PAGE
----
As you may have known, the first Intellectual Property Court in
China - the Beijing Intellectual Property Court (BIPC) - was
founded in November 2014. The first court hearing of the BIPC was
conducted on November 16, presided by the Chief Judge Su Chi. On
the same day, the Guangzhou Intellectual Property Court was
established. Meanwhile, Shanghai Intellectual Property Court was
also founded at the end of last year.
To keep you informed on these significant developments, the
Beijing Sinda Law Offices have prepared the following analysis of
the likely effects these Intellectual Property Courts will have in
China, taking the innovative measures adopted by the BIPC as an
Before the founding of the BIPC, all civil and administrative
Intellectual Property Rights (IPR) cases were adjudicated by
Beijing's three Intermediate People's Courts as well as
China's local courts. To address the issues in jurisdiction,
allocation of judicial resources, judges' expertise as well as
other related concerns, the Intellectual Property Courts have been
set up in China, and have exclusive jurisdiction over all IPR
The BIPC has jurisdiction over all administrative IP cases filed
against administrative decisions, particularly those by the Patent
Re-examination Board of the State Intellectual Property Office, and
the Trademark Review and Adjudication Board. Further, the BIPC has
jurisdiction over the most significant civil cases in relation to
patents, new varieties of plants, layout designs of integrated
circuit, know-how, computer software and well-known trademarks.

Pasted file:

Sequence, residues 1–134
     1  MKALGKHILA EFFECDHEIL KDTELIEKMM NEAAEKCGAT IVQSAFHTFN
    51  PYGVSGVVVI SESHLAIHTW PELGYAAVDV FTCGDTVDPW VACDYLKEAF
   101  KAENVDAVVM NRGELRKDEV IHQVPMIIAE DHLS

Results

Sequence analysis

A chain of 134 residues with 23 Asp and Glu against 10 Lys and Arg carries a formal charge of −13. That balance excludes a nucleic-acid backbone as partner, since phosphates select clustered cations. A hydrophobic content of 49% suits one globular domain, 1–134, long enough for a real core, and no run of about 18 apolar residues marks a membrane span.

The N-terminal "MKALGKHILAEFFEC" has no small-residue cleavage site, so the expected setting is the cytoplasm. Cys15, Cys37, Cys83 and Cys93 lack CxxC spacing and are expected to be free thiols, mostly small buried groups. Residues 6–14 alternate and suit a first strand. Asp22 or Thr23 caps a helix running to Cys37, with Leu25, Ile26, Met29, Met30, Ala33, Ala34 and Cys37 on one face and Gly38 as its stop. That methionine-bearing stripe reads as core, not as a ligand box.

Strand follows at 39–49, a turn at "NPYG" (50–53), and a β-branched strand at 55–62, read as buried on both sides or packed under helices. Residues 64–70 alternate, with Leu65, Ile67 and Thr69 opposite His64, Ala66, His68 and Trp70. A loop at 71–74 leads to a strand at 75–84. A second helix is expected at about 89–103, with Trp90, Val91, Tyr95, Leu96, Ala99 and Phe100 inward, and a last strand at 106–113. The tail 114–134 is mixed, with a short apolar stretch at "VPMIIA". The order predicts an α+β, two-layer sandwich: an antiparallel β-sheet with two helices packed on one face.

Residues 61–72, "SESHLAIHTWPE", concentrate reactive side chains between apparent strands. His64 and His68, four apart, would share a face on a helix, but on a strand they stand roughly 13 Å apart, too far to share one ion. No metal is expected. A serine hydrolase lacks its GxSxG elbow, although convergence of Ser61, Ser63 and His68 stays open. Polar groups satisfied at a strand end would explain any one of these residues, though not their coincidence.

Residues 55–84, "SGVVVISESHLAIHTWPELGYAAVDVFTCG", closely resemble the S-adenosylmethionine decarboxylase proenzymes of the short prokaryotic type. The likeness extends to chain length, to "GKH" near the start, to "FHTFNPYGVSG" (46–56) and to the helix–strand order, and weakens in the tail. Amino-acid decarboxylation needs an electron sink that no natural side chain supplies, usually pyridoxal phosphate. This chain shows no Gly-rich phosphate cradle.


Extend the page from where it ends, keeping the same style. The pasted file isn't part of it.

Accordingly, Beijing's three intermediate courts no longer
handle the above cases. Meanwhile, local courts still have
jurisdiction over civil IPR cases of first instance.
Technical Investigation Officers
As IPR cases sometimes involve specialized technical issues,
besides selecting veteran IPR judges, the BIPC has created a series
of new positions previously unseen in China, titled Technical
Investigation Officers. These officers are responsible for
researching specialized technical problems and assisting the judges
in fact finding.
Strengthening judicial protection of IPR
Procedurally speaking, the BIPC will more actively and
legitimately utilize legal procedures such as preliminary
injunctions, evidence preservation, and property preservation.
Substantively, the BIPC will reasonably increase the claimable
damages for intellectual property infringements, and will order the
losing party to pay reasonable attorney's fees of the
Distinguishing written judgments
For simple matters with clear facts, the BIPC will adopt a Form
Verdict to improve the efficiency of adjudication. As for major and
complex cases such as those involving "social influence",
the BIPC will bolster the legal analysis of its written judgments,
which may have guiding and instructive effects in future cases.
Although it is too early for any conclusive summary, we believe
that these innovative measures adopted by the BIPC, including the
establishment of the BIPC and two other IP courts, are a positive
sign of China's determination to strengthen its IPR protection.
Further, these measures will no doubt have the ancillary benefit of
improving the public's awareness in respecting and protecting
Intellectual Property Rights. Moreover, we believe that the
establishment of these IPR courts will make the judicial protection
of IPR in China more transparent, effective and predictable.
The content of this article is intended to provide a general
guide to the subject matter. Specialist advice should be sought
about your specific circumstances.
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